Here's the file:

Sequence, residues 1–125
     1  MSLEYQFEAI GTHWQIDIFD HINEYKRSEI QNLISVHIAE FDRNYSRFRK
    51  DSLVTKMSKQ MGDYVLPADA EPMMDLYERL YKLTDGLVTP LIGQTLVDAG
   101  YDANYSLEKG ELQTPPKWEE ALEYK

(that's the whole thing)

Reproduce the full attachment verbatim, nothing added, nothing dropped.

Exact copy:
Sequence, residues 1–125
     1  MSLEYQFEAI GTHWQIDIFD HINEYKRSEI QNLISVHIAE FDRNYSRFRK
    51  DSLVTKMSKQ MGDYVLPADA EPMMDLYERL YKLTDGLVTP LIGQTLVDAG
   101  YDANYSLEKG ELQTPPKWEE ALEYK